Archive for Michigan Press Association

A Strategy to Stabilize Michigan’s Population

A Strategy to Stabilize Michigan's Population

A recent article by Bridge Michigan brings up an often sited but long unresolved issue — the ongoing stagnation of Michigan’s population. Michigan ranks 49th among states in population growth since 1990, ahead of only West Virginia.

If you’ve lived here for awhile, you are sure to be aware of the reasons and circumstances for this. Notice I didn’t write “excuses” because that would imply that nothing has been done or can be done to fix this. I think our state has plenty going for it and the capability to retain and attract people. A good plan and a consistent governance would help. But I think we’ll get there.

Still, I have to admit to being a bit defensive about this. On the macro level, it’s difficult to see growth-leading states add populations both to places without enough water and places with too much water. Sure, Michigan has an occasional dry spell or summer home slide into a Great Lake, but on the whole it’s an incredibly safe and sustainable place to live. You’d think that would be enough to move us up a few places on the growth list!


We Are Awash in Guns 

We Are Awash in Guns

It’s not as if America didn’t have lots of guns 60-plus years ago. We most certainly did. But then, there was a much higher percentage of people who used them for hunting and sport. The weapons themselves were typically much less lethal — single-shot rifles, revolvers, and the like. And critically, there wasn’t a political party completely beholden to gun manufacturers and their lobbyists.

Reliable statistical data for and about guns are notoriously difficult to find. This is mostly by design (again, the aforementioned gun manufacturers and lobbyists). But it is pretty obvious that the total amount of guns manufactured and sold in recent years is significant — 16.6 million firearms purchased in 2022.

That’s down from a record 21.8 million in 2020, but even if last year’s sales were zero, we’d still have a problem. Firearms aren’t like Chevy Chevettes or modern day dishwashers — they are highly durable and likely to last more than a few years. The old ones don’t go away, and we just keep accumulating more.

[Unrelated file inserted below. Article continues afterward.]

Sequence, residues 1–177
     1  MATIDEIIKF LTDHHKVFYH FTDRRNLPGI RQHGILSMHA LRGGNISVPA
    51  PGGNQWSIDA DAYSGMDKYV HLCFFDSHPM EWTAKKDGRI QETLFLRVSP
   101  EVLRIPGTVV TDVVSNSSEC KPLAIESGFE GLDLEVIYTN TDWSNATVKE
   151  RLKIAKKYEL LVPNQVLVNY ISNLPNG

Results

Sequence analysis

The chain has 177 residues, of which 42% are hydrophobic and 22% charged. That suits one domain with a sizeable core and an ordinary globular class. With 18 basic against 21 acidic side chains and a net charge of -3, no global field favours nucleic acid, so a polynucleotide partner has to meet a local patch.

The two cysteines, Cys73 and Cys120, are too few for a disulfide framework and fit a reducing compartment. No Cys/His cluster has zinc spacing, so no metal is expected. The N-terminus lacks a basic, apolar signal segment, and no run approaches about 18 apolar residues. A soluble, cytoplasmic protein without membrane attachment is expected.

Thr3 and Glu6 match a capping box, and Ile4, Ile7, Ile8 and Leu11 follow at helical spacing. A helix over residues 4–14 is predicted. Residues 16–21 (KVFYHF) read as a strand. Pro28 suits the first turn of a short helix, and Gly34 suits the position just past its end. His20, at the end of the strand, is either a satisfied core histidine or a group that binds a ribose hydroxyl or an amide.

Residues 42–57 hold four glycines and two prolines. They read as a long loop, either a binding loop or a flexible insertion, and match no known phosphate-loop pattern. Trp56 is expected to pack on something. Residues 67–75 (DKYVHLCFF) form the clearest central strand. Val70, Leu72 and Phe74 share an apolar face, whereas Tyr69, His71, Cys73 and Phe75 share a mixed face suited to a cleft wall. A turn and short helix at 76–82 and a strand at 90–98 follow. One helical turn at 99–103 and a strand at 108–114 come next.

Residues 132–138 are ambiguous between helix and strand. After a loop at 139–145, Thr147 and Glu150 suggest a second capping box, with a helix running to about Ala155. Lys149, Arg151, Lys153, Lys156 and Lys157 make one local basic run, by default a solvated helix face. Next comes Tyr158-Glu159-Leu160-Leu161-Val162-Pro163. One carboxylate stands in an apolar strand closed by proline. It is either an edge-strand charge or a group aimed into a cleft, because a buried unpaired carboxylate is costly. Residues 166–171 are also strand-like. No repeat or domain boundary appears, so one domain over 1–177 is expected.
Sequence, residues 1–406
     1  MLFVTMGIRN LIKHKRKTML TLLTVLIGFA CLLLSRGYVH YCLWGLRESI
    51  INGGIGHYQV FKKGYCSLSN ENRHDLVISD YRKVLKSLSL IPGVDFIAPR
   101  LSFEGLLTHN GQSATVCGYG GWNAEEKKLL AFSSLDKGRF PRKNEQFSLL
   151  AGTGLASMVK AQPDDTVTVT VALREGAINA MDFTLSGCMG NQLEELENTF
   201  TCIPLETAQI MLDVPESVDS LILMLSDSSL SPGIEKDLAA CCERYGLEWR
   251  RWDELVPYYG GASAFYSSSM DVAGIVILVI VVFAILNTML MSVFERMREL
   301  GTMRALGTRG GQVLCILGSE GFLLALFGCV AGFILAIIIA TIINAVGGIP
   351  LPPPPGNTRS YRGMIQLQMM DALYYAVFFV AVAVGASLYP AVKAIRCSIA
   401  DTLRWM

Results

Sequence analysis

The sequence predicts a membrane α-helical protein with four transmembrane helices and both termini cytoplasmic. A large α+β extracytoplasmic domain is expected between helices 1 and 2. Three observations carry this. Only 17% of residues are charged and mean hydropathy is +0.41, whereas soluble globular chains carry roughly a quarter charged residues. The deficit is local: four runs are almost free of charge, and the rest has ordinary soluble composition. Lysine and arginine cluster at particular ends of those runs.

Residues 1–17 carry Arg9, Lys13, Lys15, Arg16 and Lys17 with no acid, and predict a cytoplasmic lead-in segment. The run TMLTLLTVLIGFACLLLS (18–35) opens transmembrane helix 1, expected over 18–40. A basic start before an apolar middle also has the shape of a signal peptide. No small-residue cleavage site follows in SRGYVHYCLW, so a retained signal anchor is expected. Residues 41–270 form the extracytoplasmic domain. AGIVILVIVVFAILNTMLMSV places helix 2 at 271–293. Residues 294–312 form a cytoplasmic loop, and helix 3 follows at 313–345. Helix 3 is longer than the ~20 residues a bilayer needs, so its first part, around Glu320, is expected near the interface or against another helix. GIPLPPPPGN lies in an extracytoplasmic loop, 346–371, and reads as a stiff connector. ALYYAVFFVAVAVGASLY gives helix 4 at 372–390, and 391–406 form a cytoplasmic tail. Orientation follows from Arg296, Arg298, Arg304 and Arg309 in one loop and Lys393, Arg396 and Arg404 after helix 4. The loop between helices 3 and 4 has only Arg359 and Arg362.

The total number of firearms in America is mind bending. Sure, we have 331 million people, but per capita, America still easily dominates the developed world.

We are awash in guns, so it’s no surprise that we are awash in gun violence, or that a loaded weapon might find its way into the hands of an eight-year-old to take to school.

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One of These Things Is Not Like the Other

One of These Things Is Not Like the Other

So, three seemingly unrelated recent events:

And, honestly, the cartoon isn’t about any of that. It’s about how male leaders are often applauded for aggressive, forceful behavior, and women leaders are often, um, not.


But That One Is Still Pretty Broken

But That One Is Still Pretty Broken

It’s now been nine years since the start of the Flint Water Crisis. Nine years since the water source was switched and the troubles began. Looking back, it’s not difficult to imagine how it could have happened. Humans and human institutions are inherently flawed. Choosing an option to save money without taking the proper time to understand the potential consequences is, well, human. Decisions like that happen all of the time and in many places.

However, the especially cruel twist in what happened in Flint is that it took so long — 18 months! — for at least some of the issues to be acknowledged and to begin the process of correcting them by switching the water source back. Clearly, that is not a timeline that a community with more money and different demographics would have experienced. Everybody knows that. But for people dependent on Flint water, they not only know that, they continually have to live with it. Assuming they’re still living.


Individuals Organizing to Protect Themselves

Individuals Organizing to Protect Themselves

There was a news conference this week where several Michigan lawmakers expressed their concern and general opposition to two proposed battery plants for electric vehicles near Big Rapids, Michigan. A summary from a Michigan Radio report:

Michigan lawmakers remain split over whether a U.S.-based subsidiary of a Chinese-owned electric vehicle battery company should receive state incentive funding.

Back in October 2022, the Michigan Strategic Fund Board approved $175 million total in incentives to support the development of a Gotion Inc. battery component plant in Big Rapids.